Years of BBC adaptions of Jane Austen novels and Christmas cards showing mail coaches in the snow might have led us to expect that Mary might have travelled all the way from London to Dundee by mail coach or by a private stage coach.
In fact travelling by coach was expensive, and excruciatingly uncomfortable, especially if you could only afford an outside seat which left you exposed to the weather. It didn’t help that many of the roads in Scotland were in poor condition before Thomas Telford’s improvements in the 1810’s.
All in all this meant that the journey overland would take a week or 10 days of bonejarring discomfort.
Going by ship could be as quick, and unless the ship was caught in a storm, rather more comfortable. After all both George IV when he visited Edinburgh in 1821, and Queen Victoria, on her first trip to Scotland in 1842, went by boat.
In fact there was passenger shipping to most Scottish ports in the nineteenth century. If you look at a map showing the old Scottish burghs you will notice that most of them are on navigable waterways – even cities such as Stirling which we might now consider landlocked, had a shipping service.
As early as 1814 there was a steam powered paddle steamer service on the Forth as far upriver as Stirling. (Sixty years ago, when I was little, you could still see remains of the staithes at Riverside where the paddle steamers had tied up.)
Basically, people and goods moved by water well into the nineteenth century. In the 1840’s before the railway network was complete, Bradshaw’s guide carried adverts for coastal packet companies:
In fact, even well into the railway era, many people preferred a sea voyage between London and Scotland – in the 1870’s the Freemans went to Scotland by sea for their walking holiday. In an era before corridor trains, sleeping cars and onboard toilets, it was probably simply more comfortable to go by sea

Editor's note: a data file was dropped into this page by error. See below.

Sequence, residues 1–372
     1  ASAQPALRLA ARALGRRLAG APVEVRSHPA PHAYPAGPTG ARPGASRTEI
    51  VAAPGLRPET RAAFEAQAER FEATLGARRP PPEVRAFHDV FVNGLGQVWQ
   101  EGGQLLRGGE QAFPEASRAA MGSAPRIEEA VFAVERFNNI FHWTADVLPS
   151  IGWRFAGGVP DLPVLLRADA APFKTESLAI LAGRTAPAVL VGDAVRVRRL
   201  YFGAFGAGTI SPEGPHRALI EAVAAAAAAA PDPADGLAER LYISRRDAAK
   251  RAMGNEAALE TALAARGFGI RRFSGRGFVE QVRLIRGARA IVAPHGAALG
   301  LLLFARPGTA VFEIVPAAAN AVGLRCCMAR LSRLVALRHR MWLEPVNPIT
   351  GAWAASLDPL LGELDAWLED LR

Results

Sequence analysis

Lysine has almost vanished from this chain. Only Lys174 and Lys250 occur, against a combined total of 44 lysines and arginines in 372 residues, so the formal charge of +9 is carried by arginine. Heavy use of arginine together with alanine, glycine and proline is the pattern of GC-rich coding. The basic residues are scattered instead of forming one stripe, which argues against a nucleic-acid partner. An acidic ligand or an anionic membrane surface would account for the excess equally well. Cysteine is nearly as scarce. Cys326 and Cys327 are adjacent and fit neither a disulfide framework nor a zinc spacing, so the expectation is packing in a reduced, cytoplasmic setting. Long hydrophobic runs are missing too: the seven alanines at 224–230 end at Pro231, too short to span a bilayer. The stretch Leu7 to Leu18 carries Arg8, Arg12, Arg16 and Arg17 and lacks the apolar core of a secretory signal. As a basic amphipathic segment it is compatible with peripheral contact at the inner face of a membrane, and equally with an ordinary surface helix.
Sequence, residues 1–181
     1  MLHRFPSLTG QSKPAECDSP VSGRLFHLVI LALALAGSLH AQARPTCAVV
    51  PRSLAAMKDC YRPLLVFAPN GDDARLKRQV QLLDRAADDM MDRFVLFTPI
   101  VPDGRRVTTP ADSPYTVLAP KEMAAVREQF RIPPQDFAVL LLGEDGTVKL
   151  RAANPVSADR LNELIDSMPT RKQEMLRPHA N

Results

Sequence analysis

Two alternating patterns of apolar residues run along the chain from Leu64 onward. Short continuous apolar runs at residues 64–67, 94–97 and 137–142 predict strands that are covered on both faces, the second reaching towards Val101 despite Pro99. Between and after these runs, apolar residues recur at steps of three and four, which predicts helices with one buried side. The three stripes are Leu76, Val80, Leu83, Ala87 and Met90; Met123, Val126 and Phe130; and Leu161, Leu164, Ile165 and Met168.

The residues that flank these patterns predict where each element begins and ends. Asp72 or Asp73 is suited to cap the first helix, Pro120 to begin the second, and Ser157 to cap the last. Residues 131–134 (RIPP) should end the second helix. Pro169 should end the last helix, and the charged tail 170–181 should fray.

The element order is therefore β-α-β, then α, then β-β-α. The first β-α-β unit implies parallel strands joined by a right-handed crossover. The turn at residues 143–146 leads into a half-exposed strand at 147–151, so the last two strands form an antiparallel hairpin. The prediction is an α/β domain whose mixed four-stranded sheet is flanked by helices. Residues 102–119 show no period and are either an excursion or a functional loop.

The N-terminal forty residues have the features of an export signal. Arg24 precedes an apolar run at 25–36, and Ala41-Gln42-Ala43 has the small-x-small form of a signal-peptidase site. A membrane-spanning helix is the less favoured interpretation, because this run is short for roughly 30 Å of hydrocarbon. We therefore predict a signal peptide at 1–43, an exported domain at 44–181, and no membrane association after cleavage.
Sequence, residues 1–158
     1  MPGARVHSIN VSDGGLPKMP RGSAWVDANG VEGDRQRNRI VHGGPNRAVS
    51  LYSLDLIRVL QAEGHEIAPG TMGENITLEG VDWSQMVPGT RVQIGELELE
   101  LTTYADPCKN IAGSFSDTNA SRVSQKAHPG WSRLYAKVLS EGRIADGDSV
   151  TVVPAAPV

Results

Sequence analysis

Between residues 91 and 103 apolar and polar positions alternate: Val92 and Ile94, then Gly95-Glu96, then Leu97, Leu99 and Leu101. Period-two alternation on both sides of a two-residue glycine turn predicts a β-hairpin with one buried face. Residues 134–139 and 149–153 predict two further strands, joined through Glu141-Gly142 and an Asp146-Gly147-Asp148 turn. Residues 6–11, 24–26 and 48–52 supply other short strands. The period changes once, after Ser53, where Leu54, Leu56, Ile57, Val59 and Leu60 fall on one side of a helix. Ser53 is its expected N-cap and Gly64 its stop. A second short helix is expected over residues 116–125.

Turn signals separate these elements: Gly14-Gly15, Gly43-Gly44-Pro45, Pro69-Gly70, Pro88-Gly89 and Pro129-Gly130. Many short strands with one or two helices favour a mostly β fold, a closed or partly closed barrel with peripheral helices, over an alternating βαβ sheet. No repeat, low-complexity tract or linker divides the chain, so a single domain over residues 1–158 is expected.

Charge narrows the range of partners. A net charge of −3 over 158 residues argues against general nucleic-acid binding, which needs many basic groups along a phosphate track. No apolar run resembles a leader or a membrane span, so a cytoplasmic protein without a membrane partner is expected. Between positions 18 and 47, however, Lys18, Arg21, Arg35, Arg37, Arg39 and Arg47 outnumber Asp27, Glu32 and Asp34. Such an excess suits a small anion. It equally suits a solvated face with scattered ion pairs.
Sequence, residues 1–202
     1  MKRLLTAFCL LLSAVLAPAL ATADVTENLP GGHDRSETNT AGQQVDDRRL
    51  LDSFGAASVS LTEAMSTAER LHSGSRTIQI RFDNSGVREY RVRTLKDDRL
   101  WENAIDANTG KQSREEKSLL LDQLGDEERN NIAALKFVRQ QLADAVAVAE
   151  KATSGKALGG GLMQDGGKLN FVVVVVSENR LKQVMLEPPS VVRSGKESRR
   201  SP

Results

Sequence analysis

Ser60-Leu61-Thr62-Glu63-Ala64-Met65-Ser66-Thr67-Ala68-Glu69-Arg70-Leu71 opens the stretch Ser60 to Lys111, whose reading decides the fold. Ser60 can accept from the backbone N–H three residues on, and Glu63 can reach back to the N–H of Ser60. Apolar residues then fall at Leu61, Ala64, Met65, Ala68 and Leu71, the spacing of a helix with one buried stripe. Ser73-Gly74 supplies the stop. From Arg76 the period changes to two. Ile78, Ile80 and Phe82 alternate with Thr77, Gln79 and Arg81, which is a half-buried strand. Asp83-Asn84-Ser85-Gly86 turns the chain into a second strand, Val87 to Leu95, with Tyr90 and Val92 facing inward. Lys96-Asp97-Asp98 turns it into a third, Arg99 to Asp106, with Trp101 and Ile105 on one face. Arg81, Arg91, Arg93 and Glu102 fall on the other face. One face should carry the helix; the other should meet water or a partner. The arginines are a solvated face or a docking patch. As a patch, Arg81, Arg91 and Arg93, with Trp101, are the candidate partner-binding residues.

than spend 12 hours or so crossing your legs.
Dundee, of course, sprawls across a hilly ridge on the north bank of the Tay. Before the rail bridge was built, people had no alternative but to get a ferry across the Tay.
Prior to 1815, these were open sail driven pinnaces and at the mercy of the weather. But in 1815 disaster struck and one of these ships sank with the loss of 17 people including one boatman known as Cossack Jock (Incidentally, if you like stories it’s worth spending 10 minutes watching Erin Farley of Dundee Libraries tell the story of his wake).
One consequence of this was the setting up of an orphanage in Dundee, the other was to put the ferry service on the Tay on a more formal footing with steam powered ferries running to a timetable – which they continued to do until the opening of the Tay Road bridge in 1967. (Again I can just about remember a journey on the ferry when I was little).
What is interesting is, that as with the Stirling Steamboat company, the adoption of steam powered vessels relatively early in the nineteenth century.
Before the arrival of the railway in the late 1840’s, Dundee was fundamentally a city connected by water to the rest of Scotland, and remained so even after the Tay rail bridge was built.
Pingback: Paddle steamers … | stuff 'n other stuff